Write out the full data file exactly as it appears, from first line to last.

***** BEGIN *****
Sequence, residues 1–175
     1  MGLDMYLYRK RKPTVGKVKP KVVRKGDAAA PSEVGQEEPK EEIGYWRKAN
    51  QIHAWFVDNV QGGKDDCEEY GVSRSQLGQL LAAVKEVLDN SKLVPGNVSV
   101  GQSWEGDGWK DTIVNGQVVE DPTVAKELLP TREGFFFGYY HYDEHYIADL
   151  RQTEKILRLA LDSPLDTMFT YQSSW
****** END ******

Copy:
Sequence, residues 1–175
     1  MGLDMYLYRK RKPTVGKVKP KVVRKGDAAA PSEVGQEEPK EEIGYWRKAN
    51  QIHAWFVDNV QGGKDDCEEY GVSRSQLGQL LAAVKEVLDN SKLVPGNVSV
   101  GQSWEGDGWK DTIVNGQVVE DPTVAKELLP TREGFFFGYY HYDEHYIADL
   151  RQTEKILRLA LDSPLDTMFT YQSSW